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The recent evangelical debate about divine foreknowledge has been compared to the inerrancy debate of the 1970s because of its heatedness; this collection attempts to offer several viewpoints on the basic controversies (i.e., what did God know, when did he know it and do human beings really have free will?). But in bringing together these four authors Gregory Boyd with the open view, David Hunt with the simple-foreknowledge view, William Lane Craig with the middle-foreknowledge view and Paul Helm defending the Augustinian-Calvinist view the collection illustrates another similarity with the inerrancy debate: a mind-numbing complexity of argument. The editors have sought "to make this book accessible to educated laypeople and college students who have had a first course in theology or philosophy." While Boyd's essay is very accessible, the others are filled with technical terms ("while it seems clear that intramundane causation is transitive") and a puzzling tendency to speak in algebraic variables ("If it is accidentally necessary before X is even born that X will do A, then X never has it in his power to do other than A..."). Needing over seven pages of glossary, this book is unlikely to find a wide audience, but it will still prove useful for those seminarians and clergy who wish to get several different perspectives on the debate.
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James K. Beilby (Ph.D., Marquette University) is professor of systematic and philosophical theology at Bethel University in St. Paul, Minnesota. His books include Why Bother With Truth? (with David Clark), Divine Foreknowledge: Four Views and The Meaning of the Atonement: Four Views (both with Paul Eddy), Naturalism Defeated?, For Faith and Clarity and Epistemology as Theology. His articles and essays have appeared in such publications as Faith and Philosophy, Philosophia Christi, Religious Studies, International Journal for Philosophy of Religion, American Journal of Theology and Philosophy, Sophia and Journal of the Evangelical Theological Society.
Paul R. Eddy (Ph.D., Marquette University) is Professor of Theology at Bethel University in St. Paul, Minnesota. His books include John Hick's Pluralist Philosophy of World Religions (Ashgate), Across the Spectrum: Understanding Issues in Evangelical Theology (with G. A. Boyd, Baker) and Divine Foreknowledge: Four Views (with James Beilby IVP).
Gregory A. Boyd (Ph.D., Princeton Theological Seminary) is a pastor at Woodland Hills Church in St. Paul, Minnesota. Previously, he was a professor of theology at Bethel University, also in St. Paul. His books include Recovering the Real Jesus in an Age of Revisionist Replies, Letters from a Skeptic, God of the Possible, Repenting of Religion, Seeing is Believing, Escaping the Matrix, The Jesus Legend, Myth of a Christian Nation, Is God to Blame, God at War and Satan and the Problem of Evil.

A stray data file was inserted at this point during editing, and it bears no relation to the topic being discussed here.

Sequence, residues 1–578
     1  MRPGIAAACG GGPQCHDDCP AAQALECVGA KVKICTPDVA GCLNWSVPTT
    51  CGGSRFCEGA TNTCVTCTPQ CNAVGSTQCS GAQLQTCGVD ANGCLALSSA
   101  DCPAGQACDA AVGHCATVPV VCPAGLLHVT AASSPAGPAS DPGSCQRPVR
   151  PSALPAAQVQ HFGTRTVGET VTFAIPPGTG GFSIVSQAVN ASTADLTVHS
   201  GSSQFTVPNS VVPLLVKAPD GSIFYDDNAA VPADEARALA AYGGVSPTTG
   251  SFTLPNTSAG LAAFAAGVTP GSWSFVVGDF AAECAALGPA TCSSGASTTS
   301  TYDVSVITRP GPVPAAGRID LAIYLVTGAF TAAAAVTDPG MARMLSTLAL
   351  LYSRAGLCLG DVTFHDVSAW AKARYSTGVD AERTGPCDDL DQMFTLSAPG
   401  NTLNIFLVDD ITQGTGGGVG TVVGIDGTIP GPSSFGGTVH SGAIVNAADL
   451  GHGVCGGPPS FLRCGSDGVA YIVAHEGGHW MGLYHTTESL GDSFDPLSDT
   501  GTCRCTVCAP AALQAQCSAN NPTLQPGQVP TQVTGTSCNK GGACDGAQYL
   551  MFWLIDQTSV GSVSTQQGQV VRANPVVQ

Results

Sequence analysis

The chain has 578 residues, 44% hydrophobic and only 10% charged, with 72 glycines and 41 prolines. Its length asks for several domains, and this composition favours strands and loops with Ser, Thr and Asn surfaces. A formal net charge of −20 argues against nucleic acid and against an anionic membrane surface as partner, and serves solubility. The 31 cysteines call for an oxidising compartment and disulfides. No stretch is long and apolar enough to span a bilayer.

Hunt teaches at Whittier College.
William Lane Craig (PhD, philosophy, University of Birmingham; ThD, systematic theology, University of Munich) is Research Professor of Philosophy at T albot School of Theology, Biola University, in La Mirada, California. He is also president of the Evangelical Philosophical Society. Craig has published articles in philosophical and theological journals such as The Journal of Philosophy, American Philosophical Quarterly, Philosophical Studies, Philosophy, British Journal for the Philosophy of Science, Modern Theology and Religious Studies. He has written or cowritten more than twenty books, including The Kalam Cosmological Argument; Divine Foreknowledge and Human Freedom; Theism, Atheism and Big Bang Cosmology and God, Time and Eternity.
Paul Helm is a teaching fellow in theology and philosophy at Regent College in Vancouver, British Columbia. From 1993 to 2000 he taught as professor of the history and philosophy of religion at King's College, University of London. He has published numerous books and articles, including Eternal God: A Study of God Without Time (Oxford University Press, 1988), Belief Politics (Cambridge University Press, 1994) and Faith and Understanding (Eerdmans, 1997).
This book features four arguments about divine foreknowledge. Being an incredible diversity from four white, male evangelicals shows my favorite thesis clearly, that Christianity... Read morePublished 4 months ago by Brian D. Babiak
I found it very helpful giving me a much better idea of how different positions are supported. The best part was the response of the other three writers to each essay. Read morePublished 8 months ago by William Waltz
Requested for purchase by a professor at a Bible college as a library resource for students.Published 10 months ago by Bible college librarian
The four views come from four authors: Gregory A. Boyd, David Hunt, William Lane Craig and Paul Helm. Read morePublished on July 18, 2013 by Test Carefully
This book will definitely need a second read through in order to grasp the different views and concepts. Read morePublished on July 2, 2013 by mark sundblad
This is a wonderful book if you are already familiar with a bit of the philosophical-debate-on-free-will lingo. Read morePublished on February 24, 2011 by sara
Much of the discussion of the Divine Foreknowledge of God comes from 1) the fact that God is a being we don't understand and 2) the fact that there are times when it is... Read morePublished on July 16, 2009 by Eliot Lugo Hernandez
I keep coming back to this book, re-reading the various arguments, especially Craig's and Boyd's summaries of their positions. A very useful Four Views book.Published on April 21, 2008 by Book Guy